With that milestone achieved, Colbourne (54) and – following some tasty hitting himself – Travis (28) departed with Chilies comfortably ahead on the worm chart. Tom Hancock picked up where they left off with a display of stroke play as delicious and bountiful as the tea. The left-hander’s flurry of boundaries was a joy to watch, as the scoreboard raced towards the required runs total – Hancock’s only failure was narrowly missing out at putting a hole in the captain’s car after one of his most sweetly timed maximums.
It was left to Jordan Harding (5 not out) who shared a 58 run unbroken 4th wicket partnership to stand admire as Hancock smashed the Chilies home with four overs to spare on his way to a marvellous 58 not out. That meant full batting points for Chilcompton, news so shocking to the DoC that he lost all sense of balance exiting the hostile post-match showers.
Remaining second in the league, Chilcompton 2s face a testing home match against Old Park next week.
Saturday 1st June
Chilcompton Sports Saturday 2nd XI 201-6 v Carsons Mangotsfield 2nd XI 200-9 – Chilcompton Won by 4 Wickets
On a baking hot today, Chilcompton 2nd’s welcomed Carsons Mangnotsfield to the picturesque CSG.
Chili captain Jon Burgess promptly lost the toss and with the away side opting to bat first, Burgess called for a motivational team talk in the bar although his players looked more interested in who could neck their pint first.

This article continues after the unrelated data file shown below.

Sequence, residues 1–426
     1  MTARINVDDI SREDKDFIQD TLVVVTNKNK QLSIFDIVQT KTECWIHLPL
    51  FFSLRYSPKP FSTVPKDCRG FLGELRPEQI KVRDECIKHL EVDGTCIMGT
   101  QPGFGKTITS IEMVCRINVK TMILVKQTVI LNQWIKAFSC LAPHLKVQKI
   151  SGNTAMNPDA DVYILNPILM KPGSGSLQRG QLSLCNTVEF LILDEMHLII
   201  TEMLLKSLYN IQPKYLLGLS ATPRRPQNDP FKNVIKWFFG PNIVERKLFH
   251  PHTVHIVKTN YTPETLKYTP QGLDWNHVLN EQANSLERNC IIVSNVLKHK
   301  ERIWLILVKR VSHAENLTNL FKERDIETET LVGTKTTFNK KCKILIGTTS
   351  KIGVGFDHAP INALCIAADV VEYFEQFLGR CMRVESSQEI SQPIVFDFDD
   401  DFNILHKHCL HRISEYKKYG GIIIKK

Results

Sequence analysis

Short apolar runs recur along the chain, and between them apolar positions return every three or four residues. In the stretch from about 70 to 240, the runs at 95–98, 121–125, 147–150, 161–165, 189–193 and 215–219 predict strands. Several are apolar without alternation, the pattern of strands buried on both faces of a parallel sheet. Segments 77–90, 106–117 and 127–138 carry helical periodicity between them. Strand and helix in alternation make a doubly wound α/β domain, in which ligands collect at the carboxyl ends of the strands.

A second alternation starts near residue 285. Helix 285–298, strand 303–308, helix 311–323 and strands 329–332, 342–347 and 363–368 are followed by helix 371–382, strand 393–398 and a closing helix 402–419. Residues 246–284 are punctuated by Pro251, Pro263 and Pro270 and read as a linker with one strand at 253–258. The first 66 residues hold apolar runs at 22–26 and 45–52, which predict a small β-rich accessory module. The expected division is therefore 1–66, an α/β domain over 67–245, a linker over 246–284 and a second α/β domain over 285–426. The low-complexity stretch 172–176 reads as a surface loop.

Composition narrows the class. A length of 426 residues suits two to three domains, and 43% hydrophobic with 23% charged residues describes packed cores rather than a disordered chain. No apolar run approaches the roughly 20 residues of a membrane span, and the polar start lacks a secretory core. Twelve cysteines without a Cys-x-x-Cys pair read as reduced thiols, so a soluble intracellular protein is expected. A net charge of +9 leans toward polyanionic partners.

Out to the square and it was the long bearded Sean White and the long bodied Jon Loud opening the bowling for Chili and it was White who made the first breakthrough when Coles edged behind to keeper Gillard who snaffled it up like a Warburton’s Gluten Free Panini. Despite the early wicket and some tight lines by the bowlers, Chili were struggling to make any more marks in the wickets column as a pair of Wallage’s (M. & A.) started to build a strong partnership aided by a lightening quick outfield, some suspect fielding & dubious umpiring. Firstly Longden tipped one over the bar for a 6 when it looked easier to catch and then Captain Burgess made his own comedy walk by stumbling and bumbling for what would have been an easy catch to any athletic cricketer. With Carsons now looking well set for a big score, the Wallage partnership was broken thanks to a Christer floater which was well caught by Longden low down to his left and A. Wallage left the field with a credible 47. From then on it was all systems go for Chili and as Jonty Burgess identified a number of junior batsmen due out to the crease he promptly put himself onto bowl ending with figures of 4-38 of his 8 overs and ruining a few young batsman’s afternoon. However it was arguably Harvey Hadrill who was the pick of the bowlers, sent on at the death picking up the key wicket of the other Skipper M.Wallage for 80 and ending with figures of 2-18 of his 4 overs.
Chili couldn’t quite manage to take all 10 wickets with Carsons finishing up with a creditable, but get-able 200-9 off the 40 overs.
With a tea that can only be described as amazing made by Florence Thick, a scuffle almost ensued between Chili players fighting over the last slice of Flo’s delectable quiche.